Cooperative Student Housing

Concordia Student Union / Projects / Cooperative Student Housing

Our goal is to provide students with affordable, quality, and dignified housing.

The CSU’s cooperative student housing initiative can be described as the most ambitious of our numerous ongoing projects. It has the potential to influence the municipal and even provincial level discourse around the troublesome realities facing students in the housing market.

The CSU would like to accomplish this formidable task by establishing the PUSH Fund (Popular University Student Housing) with a $1.85 million reallocation from our existing student space fund.

Over time, the student space fund – now called the student space accessible education and legal contingency fund (SSAELC) – has evolved from its original purpose and mission. The PUSH Fund proposal won’t prevent the SSEALC fund from continuing with any of the CSU’s other exciting initiatives. In fact, watch this video to get a macro picture of what the CSU has planned.

Recently, the CSU announced a big partnership for our student housing project. The Chantier de l’Economie Sociale, who controls a trust that boasts over $52 million in assets, has agreed to provide up to $1.5 million in collaborative financial support on any project financed by the PUSH Fund.

Historically, the CSU has been a staunch advocate for students’ housing rights through HOJO (the off-campus housing and job bank). Not a single university student union in Quebec provides such a service. Over time, we have become well aware that students face challenges in the housing market. For many of us it might be our first time living independently, in Montreal, or in Canada altogether. This fact leads to scenarios where students lack a proper awareness of their tenant rights and ultimately leave them unexercised.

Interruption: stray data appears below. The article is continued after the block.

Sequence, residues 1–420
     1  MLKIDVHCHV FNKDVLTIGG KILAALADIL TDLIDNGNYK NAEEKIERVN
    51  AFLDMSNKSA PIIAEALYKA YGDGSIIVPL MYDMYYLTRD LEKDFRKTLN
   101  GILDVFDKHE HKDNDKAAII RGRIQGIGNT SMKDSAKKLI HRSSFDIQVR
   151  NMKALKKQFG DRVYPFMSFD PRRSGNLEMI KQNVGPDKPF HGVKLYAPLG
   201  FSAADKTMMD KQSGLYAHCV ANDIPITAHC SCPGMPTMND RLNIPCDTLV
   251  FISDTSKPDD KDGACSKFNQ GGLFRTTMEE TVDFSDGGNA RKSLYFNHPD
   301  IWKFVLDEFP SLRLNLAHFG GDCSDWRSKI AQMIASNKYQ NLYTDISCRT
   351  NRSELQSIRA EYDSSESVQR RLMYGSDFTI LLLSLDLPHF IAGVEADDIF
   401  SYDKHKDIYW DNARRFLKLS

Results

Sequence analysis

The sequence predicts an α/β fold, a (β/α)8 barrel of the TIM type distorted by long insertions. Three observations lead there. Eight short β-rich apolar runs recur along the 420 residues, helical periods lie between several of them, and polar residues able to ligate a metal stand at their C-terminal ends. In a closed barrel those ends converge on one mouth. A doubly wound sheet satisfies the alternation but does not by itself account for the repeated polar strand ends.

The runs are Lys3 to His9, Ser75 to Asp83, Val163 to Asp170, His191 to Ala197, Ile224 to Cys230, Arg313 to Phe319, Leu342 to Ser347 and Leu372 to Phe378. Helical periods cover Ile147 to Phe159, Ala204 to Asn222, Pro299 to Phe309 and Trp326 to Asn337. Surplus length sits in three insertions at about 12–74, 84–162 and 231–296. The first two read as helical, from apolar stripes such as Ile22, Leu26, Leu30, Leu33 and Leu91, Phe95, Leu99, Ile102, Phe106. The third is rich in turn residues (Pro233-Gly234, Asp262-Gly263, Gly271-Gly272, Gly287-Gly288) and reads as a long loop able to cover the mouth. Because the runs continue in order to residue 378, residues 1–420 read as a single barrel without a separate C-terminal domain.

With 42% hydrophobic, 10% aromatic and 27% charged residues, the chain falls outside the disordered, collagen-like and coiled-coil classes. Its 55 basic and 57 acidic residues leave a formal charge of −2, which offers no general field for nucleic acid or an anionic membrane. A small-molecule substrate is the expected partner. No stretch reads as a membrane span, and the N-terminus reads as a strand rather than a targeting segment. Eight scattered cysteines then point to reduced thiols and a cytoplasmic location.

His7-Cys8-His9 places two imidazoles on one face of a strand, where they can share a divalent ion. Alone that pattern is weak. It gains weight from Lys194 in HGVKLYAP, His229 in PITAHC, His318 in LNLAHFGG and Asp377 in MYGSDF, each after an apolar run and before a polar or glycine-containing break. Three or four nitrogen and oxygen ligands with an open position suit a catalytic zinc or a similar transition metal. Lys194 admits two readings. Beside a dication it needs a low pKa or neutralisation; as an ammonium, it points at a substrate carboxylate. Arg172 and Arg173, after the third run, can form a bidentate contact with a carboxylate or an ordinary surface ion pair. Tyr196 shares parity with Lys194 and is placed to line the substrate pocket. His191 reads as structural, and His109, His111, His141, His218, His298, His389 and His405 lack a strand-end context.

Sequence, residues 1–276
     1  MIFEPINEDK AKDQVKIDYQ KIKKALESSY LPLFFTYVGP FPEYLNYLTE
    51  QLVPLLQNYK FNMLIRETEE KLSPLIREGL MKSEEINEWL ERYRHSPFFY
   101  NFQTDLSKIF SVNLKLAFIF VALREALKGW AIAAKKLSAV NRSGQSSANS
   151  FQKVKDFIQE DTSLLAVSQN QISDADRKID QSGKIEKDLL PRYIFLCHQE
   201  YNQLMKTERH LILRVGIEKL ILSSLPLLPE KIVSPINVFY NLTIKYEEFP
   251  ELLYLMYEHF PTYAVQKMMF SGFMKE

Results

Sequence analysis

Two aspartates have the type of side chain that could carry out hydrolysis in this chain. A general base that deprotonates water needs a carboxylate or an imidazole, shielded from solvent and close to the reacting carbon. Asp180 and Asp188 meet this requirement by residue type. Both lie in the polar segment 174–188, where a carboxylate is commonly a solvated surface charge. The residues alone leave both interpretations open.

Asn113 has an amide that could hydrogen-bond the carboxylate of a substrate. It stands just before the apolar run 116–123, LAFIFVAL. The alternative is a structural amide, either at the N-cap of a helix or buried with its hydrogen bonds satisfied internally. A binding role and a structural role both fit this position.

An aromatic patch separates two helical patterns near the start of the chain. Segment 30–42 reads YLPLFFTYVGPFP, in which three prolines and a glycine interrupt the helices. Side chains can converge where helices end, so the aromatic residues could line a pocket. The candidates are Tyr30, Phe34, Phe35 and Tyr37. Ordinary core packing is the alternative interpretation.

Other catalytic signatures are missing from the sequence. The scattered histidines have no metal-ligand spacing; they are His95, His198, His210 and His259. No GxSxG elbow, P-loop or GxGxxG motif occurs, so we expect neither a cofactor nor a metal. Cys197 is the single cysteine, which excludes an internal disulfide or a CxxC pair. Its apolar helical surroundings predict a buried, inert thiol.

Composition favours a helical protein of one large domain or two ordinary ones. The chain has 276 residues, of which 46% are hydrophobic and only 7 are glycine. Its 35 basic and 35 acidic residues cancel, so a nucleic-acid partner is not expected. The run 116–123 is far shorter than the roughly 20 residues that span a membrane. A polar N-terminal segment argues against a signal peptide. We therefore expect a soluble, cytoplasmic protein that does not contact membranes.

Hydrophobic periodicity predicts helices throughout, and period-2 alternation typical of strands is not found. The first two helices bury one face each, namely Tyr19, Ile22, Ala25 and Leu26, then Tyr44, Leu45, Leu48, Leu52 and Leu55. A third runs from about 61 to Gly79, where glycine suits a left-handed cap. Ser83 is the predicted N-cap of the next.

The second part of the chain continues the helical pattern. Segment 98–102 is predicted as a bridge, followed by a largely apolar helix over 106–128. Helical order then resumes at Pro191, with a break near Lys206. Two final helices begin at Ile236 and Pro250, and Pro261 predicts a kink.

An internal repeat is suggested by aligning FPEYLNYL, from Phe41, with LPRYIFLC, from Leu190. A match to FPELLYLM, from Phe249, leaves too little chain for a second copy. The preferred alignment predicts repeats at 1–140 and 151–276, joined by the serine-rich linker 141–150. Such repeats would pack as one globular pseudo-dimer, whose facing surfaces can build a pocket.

To harvest a better understanding of the systemic issues facing students in Montreal’s housing market, the CSU decided to participate in the PHARE survey (Prospection des Habitudes et Aspiration Residentielles Etudiantes). The survey analysing the living conditions of students in Montreal was put together by UTILE (L’Unite de travail pour l’implantation de logemont etudiant) a non-profit organization dedicated to the development, study, and promotion of student housing.

The results from the PHARE survey were clear: on average students pay significantly more for rent, and they live in higher proportion in rental units that are in poor or inadequate condition.

HOJO was unsurprised with the conclusions from PHARE and in order to better comprehend the specific challenges facing Concordia students the CSU agreed to hire summer interns to conduct internal spin-off studies using the raw data from Concordia respondents in the PHARE survey.

Our worst fears were confirmed as the issues identified from the PHARE market study were being further compounded at Concordia since we have more out-of-province and international students. By having a strong grasp of the housing situation imposed on our membership, the CSU determined it must take action.

So in September 2014, CSU Council approved the production of a report by UTILE titled “Student Housing Co-ops: Preliminary Feasibility Study”. The study explored the possibility for the CSU to create affordable cooperative housing for students.

Broad in scope, the comprehensive report outlines the existing context of student housing in Montreal, and presents several development and financial scenarios alongside complementary governance models. In November, the study was submitted to students and a presentation was made to outline the report’s findings.

To ensure the desire from students for the CSU to continue prioritizing such a groundbreaking project, a referendum question was put to ballot in the November by-election. Asking students whether they approve of supporting cooperative student housing as a student space initiative, the question received the highest amount of approval of any by-election referendum, with 89% of voters in favour.

With the direction the project has taken since the Fall semester, and the organic partnerships that have naturally developed throughout, the social impact behind what we are trying to accomplish is revolutionary.

The PUSH Fund could prove to be a model replicated and exported elsewhere, putting the CSU, and Concordia, on the map for social innovation to meet society’s most basic needs!

If you want more information about the Cooperative Student Housing project, or want to get involved, please email academic@csu.qc.ca